Please take the time to learn about wildlife and safety in your area to prevent any unnecessary harm to it or yourself.

Rattlesnakes

  • The timber rattlesnakes around here seem to enjoy solitude and tend to seek out wooded or rocky shelters and inclines.
  • The pygmy rattlesnakes are smaller than timber rattlesnakes and generally like wetter environments. You’ll likely see a pygmy rattlesnake close to (or in) wet fields and plains… but they have been spotted in rocky and wooded areas as well.

Cottonmouths

Around these parts, you’re more likely to hear cottonmouths called water moccasins. As the nickname implies, they enjoy being around and in water.

  • They prefer swamp-like areas and drainage ditches. They can be seen swimming in creeks, rivers, and lakes on occasion.

Wading in the creek is fun until you see something skimming the water and getting too close for comfort to you!

Copperheads

  • Copperheads can be found all over the place, with the exception of open fields and similar areas. You’re most likely to find them in forests, wooded, or rocky areas with plenty of hiding spots.
  • You might also see them around streams and wet areas.

None of these snakes are good climbers and you’re likely to see them on the ground, trying to stay out of our line of sight.

Isn’t it Easier to Do it Myself?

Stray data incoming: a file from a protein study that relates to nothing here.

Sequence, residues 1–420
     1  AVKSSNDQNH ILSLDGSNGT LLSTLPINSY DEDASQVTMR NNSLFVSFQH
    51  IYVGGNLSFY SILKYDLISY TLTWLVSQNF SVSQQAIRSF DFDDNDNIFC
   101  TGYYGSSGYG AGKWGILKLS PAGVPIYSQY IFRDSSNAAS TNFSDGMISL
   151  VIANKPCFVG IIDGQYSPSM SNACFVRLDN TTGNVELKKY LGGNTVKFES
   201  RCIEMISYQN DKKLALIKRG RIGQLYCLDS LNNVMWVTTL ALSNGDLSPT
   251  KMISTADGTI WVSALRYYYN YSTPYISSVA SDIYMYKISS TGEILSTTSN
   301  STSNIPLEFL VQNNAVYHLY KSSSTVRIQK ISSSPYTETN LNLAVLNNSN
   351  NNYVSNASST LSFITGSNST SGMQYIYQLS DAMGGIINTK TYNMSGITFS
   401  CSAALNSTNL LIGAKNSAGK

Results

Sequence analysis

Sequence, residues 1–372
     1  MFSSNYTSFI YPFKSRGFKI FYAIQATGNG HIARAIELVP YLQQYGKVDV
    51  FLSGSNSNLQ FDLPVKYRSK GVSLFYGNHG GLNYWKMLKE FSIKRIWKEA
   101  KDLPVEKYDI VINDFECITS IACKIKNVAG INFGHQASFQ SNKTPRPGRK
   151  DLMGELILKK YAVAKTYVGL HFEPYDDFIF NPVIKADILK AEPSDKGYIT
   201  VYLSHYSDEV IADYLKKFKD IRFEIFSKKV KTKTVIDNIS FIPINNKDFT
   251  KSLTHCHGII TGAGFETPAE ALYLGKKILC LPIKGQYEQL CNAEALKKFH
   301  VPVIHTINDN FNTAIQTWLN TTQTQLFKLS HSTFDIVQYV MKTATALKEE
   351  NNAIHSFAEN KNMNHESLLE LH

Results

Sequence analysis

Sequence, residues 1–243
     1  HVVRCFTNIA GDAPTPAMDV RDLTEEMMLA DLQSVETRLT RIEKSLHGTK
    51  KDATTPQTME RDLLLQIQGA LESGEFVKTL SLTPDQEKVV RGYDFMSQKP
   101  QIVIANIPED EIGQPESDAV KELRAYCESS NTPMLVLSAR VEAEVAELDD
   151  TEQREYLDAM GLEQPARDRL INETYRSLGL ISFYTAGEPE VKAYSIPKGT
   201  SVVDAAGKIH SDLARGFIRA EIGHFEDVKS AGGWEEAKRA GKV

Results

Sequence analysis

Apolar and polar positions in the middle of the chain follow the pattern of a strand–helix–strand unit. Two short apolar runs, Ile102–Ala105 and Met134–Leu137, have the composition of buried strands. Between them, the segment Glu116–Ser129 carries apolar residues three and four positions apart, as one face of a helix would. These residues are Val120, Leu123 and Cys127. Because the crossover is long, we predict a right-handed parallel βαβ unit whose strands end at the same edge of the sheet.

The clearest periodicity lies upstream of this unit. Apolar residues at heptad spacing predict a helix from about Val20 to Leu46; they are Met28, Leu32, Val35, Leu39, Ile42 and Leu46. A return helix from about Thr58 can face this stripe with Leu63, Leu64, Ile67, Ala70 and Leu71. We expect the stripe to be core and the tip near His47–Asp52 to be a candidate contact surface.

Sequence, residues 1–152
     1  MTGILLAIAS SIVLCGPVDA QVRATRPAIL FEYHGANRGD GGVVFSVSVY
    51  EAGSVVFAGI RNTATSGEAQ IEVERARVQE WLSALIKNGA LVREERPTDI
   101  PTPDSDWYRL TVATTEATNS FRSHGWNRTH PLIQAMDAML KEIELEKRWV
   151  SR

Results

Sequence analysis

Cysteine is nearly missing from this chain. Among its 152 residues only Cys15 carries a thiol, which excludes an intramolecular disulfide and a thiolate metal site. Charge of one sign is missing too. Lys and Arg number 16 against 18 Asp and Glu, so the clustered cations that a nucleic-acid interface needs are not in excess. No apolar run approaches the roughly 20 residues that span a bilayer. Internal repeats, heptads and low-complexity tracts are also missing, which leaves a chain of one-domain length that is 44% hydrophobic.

It is neither easier nor wise to take this matter into your own hands. While we’re living in the age of DIY projects and replacements for costly items, our health and safety come first.

When it comes to snakes, we don’t want to mess around. While all bites won’t kill you, they will surely hurt and require medical attention.

Money saved by creating your own snake proof gear will not guarantee your protection and could cost you more in the long run.

While we will briefly discuss some common materials used to create snake proof boots, we do not recommend making your own… if for no other reason than the fact that snakes have sharp fangs.

How do most people make clothing? By sewing. Needles and fangs are pretty similar. If your needle can go through your material, so can a fang, usually.

Materials Used in Snake Proof Boots

If you’re in a snake-infested area or you’re crawling under a house, it wouldn’t hurt to add some of these materials to your outfits and snake proof boots just in case one sneaks up on you!

  • Canvas – fabric that is durable and plain-woven. Backpacks and tents are some items crafted with canvas.
  • Denim – fabric used to create jeans and such. It’s thick and, used alongside other materials, provides surprising protection. Heavy denim is best.
  • Leather – tanned skin and/or rawhide from animals. Leather’s flexible and hard to puncture.
  • Nylon – strong, synthetic fabric created from petroleum and plastics. Resistant to moisture.
  • Other synthetic fabrics Cordura, Gore-Tex, Kevlar, polyester, Teflon, etc., are all heavy, hard-to-penetrate materials. They’re considered protective because they have tight weaves and are not super flexible or breathable.

In our search, we noticed that many snake proof boots combine materials. It might not be the cutest or coolest-looking article of clothing in your closet but your safety is worth it.

These materials alone will not guarantee your protection. Well-made items intended to guard against snake bites would be best combined with plate armor materials.